Wernher von Braun, with the F-1 engines of the Saturn V first stage at the US Space and Rocket Center
  • Fluid mechanics - the study of fluid flow around objects. Specifically aerodynamics concerning the flow of air over bodies such as wings or through objects such as wind tunnels (see also lift and aeronautics).
  • Astrodynamics - the study of orbital mechanics including prediction of orbital elements when given a select few variables. While few schools in the United States teach this at the undergraduate level, several have graduate programs covering this topic (usually in conjunction with the Physics department of said college or university).
  • Statics and Dynamics (engineering mechanics) - the study of movement, forces, moments in mechanical systems.
  • Mathematics - in particular, calculus, differential equations, and linear algebra.
  • Electrotechnology - the study of electronics within engineering.
  • Propulsion - the energy to move a vehicle through the air (or in outer space) is provided by internal combustion engines, jet engines and turbomachinery, or rockets (see also propeller and spacecraft propulsion). A more recent addition to this module is electric propulsion and ion propulsion.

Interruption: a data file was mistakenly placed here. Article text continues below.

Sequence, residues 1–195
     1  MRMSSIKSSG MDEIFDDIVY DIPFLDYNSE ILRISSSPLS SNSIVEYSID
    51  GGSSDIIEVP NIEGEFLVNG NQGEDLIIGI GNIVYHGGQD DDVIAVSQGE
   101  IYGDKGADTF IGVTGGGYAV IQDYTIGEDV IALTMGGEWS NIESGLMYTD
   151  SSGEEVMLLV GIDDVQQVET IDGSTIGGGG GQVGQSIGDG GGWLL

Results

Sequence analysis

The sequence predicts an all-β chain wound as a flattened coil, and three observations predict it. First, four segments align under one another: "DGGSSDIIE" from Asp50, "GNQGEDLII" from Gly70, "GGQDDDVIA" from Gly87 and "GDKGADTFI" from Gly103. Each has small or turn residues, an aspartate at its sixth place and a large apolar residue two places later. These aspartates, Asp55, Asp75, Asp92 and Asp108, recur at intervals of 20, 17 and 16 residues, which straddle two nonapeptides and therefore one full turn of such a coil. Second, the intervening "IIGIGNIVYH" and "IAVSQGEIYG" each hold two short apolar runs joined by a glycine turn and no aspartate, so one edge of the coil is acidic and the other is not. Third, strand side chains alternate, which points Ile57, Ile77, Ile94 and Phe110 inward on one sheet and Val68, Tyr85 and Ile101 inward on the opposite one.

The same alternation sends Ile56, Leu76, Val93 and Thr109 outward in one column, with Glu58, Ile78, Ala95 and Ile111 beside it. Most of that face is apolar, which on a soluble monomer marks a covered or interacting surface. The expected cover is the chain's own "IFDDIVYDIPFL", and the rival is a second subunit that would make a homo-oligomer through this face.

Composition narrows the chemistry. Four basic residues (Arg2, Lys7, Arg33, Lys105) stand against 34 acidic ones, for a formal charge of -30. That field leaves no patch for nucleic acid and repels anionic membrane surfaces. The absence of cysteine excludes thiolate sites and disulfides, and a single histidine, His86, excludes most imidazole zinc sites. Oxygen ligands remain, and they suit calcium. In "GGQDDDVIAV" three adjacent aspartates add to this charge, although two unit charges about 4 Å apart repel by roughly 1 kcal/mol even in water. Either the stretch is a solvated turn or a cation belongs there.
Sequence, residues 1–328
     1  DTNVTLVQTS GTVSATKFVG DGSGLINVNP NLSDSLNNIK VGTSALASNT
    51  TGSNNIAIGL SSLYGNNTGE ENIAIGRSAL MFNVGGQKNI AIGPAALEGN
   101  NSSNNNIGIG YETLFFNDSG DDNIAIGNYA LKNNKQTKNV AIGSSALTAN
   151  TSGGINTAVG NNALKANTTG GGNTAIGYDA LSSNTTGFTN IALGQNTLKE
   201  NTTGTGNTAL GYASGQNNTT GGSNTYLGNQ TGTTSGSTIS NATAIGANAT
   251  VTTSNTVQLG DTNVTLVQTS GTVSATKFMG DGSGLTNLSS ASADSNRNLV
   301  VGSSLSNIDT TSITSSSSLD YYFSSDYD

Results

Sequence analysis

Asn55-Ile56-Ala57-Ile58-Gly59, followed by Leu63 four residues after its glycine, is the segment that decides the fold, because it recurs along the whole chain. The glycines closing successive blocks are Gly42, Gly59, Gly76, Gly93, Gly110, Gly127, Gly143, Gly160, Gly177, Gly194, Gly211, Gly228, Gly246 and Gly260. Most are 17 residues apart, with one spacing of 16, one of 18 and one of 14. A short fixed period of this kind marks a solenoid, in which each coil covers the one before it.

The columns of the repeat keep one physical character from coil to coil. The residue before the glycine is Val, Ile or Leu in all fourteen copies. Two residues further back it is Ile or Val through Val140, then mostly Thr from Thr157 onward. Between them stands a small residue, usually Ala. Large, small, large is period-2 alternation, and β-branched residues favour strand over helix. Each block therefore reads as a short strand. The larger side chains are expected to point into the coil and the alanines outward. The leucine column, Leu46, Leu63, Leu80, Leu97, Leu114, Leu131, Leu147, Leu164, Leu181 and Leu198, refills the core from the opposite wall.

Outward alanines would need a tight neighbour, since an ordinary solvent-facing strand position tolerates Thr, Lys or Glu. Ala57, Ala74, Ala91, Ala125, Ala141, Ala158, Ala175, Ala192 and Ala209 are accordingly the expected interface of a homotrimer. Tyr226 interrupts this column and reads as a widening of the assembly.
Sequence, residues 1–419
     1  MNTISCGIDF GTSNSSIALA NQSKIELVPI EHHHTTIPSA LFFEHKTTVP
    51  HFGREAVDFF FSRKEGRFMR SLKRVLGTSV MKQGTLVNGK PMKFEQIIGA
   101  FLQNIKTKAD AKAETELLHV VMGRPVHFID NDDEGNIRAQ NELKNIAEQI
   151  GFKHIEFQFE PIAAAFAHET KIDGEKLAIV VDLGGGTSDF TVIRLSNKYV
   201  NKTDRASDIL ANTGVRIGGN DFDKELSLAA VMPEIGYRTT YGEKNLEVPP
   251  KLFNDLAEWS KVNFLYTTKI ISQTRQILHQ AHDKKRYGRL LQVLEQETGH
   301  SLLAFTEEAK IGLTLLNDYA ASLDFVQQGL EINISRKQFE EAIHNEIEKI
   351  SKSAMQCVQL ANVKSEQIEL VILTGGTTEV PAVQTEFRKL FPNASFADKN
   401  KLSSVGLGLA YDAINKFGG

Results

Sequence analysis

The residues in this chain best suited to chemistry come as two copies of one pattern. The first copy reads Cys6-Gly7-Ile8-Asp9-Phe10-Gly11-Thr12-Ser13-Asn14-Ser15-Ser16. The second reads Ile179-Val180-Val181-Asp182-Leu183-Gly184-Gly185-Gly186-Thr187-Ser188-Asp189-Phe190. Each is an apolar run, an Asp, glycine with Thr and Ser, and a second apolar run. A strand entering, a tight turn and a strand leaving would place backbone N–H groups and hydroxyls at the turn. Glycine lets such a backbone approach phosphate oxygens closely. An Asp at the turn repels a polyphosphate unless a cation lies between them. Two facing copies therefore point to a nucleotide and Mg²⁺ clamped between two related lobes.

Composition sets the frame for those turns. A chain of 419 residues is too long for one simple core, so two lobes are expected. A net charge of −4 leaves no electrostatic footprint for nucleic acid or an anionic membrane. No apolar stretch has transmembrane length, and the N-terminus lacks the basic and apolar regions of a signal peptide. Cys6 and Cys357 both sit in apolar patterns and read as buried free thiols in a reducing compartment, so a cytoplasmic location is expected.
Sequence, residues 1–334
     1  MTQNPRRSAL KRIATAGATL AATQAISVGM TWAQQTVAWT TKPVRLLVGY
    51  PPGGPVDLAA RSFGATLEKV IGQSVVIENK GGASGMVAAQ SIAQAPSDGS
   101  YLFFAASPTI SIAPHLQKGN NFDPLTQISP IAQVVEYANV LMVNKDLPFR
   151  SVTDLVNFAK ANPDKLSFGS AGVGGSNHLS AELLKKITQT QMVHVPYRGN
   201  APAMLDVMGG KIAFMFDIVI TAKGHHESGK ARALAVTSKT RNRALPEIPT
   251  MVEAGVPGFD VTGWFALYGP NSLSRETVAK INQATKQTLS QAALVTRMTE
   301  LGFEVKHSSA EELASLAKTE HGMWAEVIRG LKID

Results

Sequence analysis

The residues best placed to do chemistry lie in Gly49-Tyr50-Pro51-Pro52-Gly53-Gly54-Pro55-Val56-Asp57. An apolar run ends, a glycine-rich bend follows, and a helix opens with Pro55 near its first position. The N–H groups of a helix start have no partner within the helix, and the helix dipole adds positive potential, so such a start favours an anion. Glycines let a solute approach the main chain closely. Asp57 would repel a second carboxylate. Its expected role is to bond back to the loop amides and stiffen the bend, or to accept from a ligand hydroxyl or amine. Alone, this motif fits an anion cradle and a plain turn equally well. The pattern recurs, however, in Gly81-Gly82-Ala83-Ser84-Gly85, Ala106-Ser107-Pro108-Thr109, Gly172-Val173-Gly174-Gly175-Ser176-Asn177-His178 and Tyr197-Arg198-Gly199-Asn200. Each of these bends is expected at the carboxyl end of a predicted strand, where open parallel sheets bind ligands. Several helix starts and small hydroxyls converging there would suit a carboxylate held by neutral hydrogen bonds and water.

• Control engineering - the study of mathematical modeling of the dynamic behavior of systems and designing them, usually using feedback signals, so that their dynamic behavior is desirable (stable, without large excursions, with minimum error). This applies to the dynamic behavior of aircraft, spacecraft, propulsion systems, and subsystems that exist on aerospace vehicles.
  • Aircraft structures - design of the physical configuration of the craft to withstand the forces encountered during flight. Aerospace engineering aims to keep structures lightweight.
  • Materials science - related to structures, aerospace engineering also studies the materials of which the aerospace structures are to be built. New materials with very specific properties are invented, or existing ones are modified to improve their performance.